American Grand Prix dressage rider Gwen Stockebrand has passed away, losing her battle against cancer. She was 64 years old.
Stockebrand trained several horses to Grand Prix and represented the United States at the 1979 Pan American Games and the 1980 Alternate Olympics on Bao, and at the 1982 World Championships on Casino.
At age twenty-three she was one of the youngest riders chosen to represent the US on her Morgan/Tennessee Walker gelding Bao. He was also the first U.S. bred warmblood to reach Grand prix level. Gwen and Bao enjoyed much success nationally and internationally, and they were named National Champions. `
Gwen also received national acclaim on her Dutch warmblood gelding, Monseigneur, earning the title of National Grand Prix Champion, Grand Prix Freestyle Champion, and Grand Prix Champion Horse of the Year, among other honours.
Living at Flying Changes farm in Santa Rosa, California, Gwen made numerous contributions to Sonoma County Dressage over the past thirty years. Gwen was one of the original founders of the California Dressage Society's Dressage in the Wine Country. She has been active in training horses and riders, judging, and organizing events.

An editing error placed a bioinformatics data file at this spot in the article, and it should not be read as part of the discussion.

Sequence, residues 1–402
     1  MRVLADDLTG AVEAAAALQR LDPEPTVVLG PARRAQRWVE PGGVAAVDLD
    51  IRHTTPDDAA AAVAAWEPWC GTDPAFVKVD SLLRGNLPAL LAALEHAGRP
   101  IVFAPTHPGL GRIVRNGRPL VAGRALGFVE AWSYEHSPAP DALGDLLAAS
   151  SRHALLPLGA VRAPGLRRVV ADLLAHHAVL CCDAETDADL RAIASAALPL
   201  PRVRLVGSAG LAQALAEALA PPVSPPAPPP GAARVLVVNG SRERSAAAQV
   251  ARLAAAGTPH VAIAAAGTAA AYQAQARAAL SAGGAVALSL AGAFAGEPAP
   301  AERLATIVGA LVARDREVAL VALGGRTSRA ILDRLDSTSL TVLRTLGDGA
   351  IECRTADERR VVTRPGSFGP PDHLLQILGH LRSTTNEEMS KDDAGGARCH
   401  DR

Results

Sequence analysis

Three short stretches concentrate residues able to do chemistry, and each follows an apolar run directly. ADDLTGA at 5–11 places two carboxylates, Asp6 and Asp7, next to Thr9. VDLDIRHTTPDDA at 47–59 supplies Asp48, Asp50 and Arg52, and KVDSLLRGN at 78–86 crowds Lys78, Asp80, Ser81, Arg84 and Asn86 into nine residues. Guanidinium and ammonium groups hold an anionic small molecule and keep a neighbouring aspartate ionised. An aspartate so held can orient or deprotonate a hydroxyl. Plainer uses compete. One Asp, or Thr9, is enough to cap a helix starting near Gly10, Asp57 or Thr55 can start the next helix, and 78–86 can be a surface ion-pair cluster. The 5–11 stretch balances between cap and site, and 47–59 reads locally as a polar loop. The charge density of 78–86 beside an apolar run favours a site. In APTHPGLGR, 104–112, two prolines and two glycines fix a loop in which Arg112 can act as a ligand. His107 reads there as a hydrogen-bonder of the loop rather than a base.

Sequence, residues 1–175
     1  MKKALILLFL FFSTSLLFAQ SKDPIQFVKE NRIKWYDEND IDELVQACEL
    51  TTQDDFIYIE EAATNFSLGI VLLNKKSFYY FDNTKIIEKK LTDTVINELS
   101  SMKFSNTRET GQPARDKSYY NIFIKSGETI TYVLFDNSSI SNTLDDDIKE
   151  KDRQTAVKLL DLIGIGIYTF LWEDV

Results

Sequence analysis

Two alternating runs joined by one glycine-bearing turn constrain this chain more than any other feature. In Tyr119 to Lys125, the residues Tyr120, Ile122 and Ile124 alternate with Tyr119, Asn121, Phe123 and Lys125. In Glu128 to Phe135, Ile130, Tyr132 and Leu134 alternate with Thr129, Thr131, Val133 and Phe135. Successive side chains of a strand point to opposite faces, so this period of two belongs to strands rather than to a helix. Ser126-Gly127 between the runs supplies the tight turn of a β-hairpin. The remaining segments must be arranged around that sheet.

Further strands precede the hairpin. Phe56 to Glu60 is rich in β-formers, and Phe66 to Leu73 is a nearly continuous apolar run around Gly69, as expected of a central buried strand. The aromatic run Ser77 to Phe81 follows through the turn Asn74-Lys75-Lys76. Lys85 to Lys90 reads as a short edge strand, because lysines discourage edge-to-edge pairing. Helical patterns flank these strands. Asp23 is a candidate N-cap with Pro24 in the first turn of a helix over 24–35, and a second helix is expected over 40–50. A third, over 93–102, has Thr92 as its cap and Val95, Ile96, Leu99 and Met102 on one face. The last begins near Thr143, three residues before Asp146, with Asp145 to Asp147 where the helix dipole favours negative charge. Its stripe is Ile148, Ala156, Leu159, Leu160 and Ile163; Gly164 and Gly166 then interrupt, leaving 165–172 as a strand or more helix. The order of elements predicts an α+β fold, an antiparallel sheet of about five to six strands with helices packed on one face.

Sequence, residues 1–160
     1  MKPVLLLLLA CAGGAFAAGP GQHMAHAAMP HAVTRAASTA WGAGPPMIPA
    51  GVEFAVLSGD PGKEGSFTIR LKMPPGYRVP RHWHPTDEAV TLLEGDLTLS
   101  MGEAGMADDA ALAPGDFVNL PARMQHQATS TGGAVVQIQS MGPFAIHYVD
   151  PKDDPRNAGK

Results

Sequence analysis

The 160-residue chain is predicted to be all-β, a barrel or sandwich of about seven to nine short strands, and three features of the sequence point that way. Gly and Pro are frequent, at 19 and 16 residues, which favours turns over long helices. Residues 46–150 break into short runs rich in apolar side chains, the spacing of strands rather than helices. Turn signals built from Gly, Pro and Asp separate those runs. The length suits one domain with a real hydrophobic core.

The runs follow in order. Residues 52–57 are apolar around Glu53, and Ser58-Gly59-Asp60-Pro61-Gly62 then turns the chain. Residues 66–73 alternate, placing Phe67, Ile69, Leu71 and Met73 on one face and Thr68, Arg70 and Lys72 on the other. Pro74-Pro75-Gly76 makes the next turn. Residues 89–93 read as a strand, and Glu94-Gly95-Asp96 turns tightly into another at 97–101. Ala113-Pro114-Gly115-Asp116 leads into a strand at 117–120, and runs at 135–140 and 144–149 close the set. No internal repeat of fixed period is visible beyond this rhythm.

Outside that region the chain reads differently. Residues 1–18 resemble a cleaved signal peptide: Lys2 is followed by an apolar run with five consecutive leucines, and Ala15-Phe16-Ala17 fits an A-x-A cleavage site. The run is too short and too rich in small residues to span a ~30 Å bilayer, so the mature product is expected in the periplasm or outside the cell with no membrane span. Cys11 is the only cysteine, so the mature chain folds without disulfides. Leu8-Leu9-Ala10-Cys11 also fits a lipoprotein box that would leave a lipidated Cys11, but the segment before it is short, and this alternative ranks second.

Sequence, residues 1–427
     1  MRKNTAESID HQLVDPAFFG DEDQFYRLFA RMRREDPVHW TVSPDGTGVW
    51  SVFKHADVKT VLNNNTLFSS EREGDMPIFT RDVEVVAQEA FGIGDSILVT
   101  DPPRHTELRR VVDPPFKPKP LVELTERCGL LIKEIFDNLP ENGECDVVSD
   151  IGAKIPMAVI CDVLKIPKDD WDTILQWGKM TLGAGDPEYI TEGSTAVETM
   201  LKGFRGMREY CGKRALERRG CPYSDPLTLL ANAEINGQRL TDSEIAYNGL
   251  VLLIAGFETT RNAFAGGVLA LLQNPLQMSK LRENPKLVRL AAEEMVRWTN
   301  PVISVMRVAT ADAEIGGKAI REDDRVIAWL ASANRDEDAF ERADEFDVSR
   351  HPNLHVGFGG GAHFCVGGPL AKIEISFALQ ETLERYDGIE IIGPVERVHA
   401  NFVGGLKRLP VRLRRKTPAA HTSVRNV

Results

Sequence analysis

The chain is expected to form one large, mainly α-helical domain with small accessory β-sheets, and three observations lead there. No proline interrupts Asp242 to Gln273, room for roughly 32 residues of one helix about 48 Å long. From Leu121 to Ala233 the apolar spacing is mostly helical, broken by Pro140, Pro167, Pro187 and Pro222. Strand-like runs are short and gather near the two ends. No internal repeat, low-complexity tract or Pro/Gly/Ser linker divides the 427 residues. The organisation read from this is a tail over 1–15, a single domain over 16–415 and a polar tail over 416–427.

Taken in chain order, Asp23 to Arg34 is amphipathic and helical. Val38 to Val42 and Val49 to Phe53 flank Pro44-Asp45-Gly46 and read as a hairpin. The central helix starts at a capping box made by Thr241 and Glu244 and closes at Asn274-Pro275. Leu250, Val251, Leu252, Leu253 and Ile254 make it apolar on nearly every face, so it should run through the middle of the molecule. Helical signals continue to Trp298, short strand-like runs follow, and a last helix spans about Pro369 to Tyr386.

In 2011-2012 Stockebrand's illustrious career as a dressage professional got stained. Sonoma County Animal Control and Care (ACC) charged her with felony animal abuse for neglecting an older mare in 2011. By relinquishing ownership rights and completing 80 hours of community service, she was dismissed from the charge.
Stockebrand last competed nationally in 2013 on NA Sampson. In 2014 Gwen was diagnosed with cancer which she fought bravely and survived. However, the cancer returned and she lost her second, courageous battle.
Gwen is remembered as an inspiring dressage trainer, a unique woman and gifted rider, who brought character to California dressage. She helped several Californians to transition from western to dressage.